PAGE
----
The primary metal removal mechanisms in vertical spindle abrasive machining are chip removal by firmly bonded abrasive grains in the wheel matrix, and secondary removal by the reuse of loose abrasive between the wheel-work interface. As you increase the strength (go to harder grades) of segments, the secondary metal removal rate tends to remain constant. However, the metal removed by firmly bonded abrasive increases rapidly. Changing from an E to an F grade approximately doubles the primary metal removal rate. Segmental wheels sharpen themselves by two major mechanisms—primary and secondary wear. Primary wear is caused by the common mechanisms of attrition, grain fracture, and bond failure. The secondary mechanism is caused by loose abrasive and metal chips in the wheel-work interface.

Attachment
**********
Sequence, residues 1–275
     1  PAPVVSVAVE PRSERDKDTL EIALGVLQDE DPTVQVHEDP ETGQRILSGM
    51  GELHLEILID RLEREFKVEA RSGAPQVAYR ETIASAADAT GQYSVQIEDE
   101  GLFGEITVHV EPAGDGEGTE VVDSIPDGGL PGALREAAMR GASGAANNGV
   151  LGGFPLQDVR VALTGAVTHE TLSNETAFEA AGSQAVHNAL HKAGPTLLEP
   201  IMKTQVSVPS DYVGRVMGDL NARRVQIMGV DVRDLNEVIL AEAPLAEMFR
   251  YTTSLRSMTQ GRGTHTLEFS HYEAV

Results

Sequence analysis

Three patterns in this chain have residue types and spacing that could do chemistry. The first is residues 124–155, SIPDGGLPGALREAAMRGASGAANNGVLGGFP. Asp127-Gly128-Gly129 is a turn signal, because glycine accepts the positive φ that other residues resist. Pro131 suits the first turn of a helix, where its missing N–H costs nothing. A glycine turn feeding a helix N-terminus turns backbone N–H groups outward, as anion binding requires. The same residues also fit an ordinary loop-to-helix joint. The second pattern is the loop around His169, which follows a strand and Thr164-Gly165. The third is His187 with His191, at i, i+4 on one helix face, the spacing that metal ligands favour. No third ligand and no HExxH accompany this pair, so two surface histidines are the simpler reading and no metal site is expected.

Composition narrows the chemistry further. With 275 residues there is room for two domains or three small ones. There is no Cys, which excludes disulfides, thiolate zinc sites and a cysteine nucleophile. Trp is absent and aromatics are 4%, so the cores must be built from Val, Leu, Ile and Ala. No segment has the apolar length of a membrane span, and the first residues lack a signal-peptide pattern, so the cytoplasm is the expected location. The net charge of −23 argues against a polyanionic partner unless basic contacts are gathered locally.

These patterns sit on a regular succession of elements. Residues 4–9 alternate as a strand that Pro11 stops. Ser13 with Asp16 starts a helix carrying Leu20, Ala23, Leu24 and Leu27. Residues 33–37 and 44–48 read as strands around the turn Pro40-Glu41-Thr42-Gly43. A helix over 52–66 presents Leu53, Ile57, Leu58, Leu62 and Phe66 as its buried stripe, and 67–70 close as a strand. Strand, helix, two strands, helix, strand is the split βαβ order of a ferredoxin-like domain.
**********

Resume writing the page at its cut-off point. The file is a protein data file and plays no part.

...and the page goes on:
The Wheel Wear and Metal Removal Mechanisms in Vertical Spindle Abrasive Machining of Mild Steel
Norton Company, Worcester, Mass.
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Pollock, C. (May 1, 1968). "The Wheel Wear and Metal Removal Mechanisms in Vertical Spindle Abrasive Machining of Mild Steel." ASME. J. Eng. Ind. May 1968; 90(2): 365–369. https://doi.org/10.1115/1.3604642
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